Sometimes you lose the fire. Sometimes, after years of loving something, you can’t find the spark. I’ve had a couple photographers recently tell me they’ve lost it, that they awoke one morning to find their groove had become a rut and they felt trapped and directionless. It happens. And sometimes the answer is just pick up the camera, get out there and see if the muse doesn’t just catch up with you. Sometimes she’s a few steps behind, waiting to see if you’ll just get out there and do the work.
And sometimes, she’s just completely f*cked off. Nowhere to be found. Sometimes the last thing you want to do is make a photograph.
Put the camera down.
Life is too short to be bound by the shoulds and the ought-tos. It is too beautiful to let yourself feel shame or guilt or fear about the thing you love, even if that thing is also your bread & butter. If you do this for a living you might not have the luxury of all the time in the world in which to dig yourself from this rut, but you damn-well better because these bills aren’t going to pay themselves. So these thoughts might apply to you as well, just a little more urgently.
Our creativity depends on so many factors, a solid work ethic being high among them. But it also depends on curiosity and vision, on that spark if not on that fire and if you’re down to embers, it might be worth stopping long enough to fan those embers to flame again.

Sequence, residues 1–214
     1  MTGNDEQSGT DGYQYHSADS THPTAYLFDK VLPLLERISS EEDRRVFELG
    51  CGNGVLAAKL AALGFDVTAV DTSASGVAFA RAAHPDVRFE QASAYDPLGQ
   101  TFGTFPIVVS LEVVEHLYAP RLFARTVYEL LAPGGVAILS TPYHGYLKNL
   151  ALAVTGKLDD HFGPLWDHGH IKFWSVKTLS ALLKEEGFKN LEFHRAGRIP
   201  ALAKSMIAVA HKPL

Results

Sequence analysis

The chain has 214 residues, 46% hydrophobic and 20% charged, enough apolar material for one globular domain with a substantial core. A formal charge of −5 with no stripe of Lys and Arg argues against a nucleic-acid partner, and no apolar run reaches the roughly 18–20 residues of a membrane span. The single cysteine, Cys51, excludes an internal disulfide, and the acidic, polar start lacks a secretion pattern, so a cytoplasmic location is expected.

Without the artist there is no art. You have to protect her. You have to nurture him. Put the camera down. Go for a walk in the woods. Go find some new thing to learn: juggling or cooking or the French Horn. Take a breath. Hell, take yoga and learn to breathe again. Or pick up an old film camera and take on a new project that’s so divergent from what you usually do that you feel a little lost and unsure of yourself, but excited to try something new.
Ruts are just grooves that got a little too deep. Don’t just lie there, change direction. Go the other way. We’re probably there because our groove became safe, became easy, and we’ve a tendency to camp out in safe, easy places. But what’s safe and easy isn’t always good for us, at least not for long. Our creativity needs something to push against, something to explore, some unknown and unpredictable path to poke its head around. Our souls need new problems to solve and much as we fear the next step, now’s the time to take it.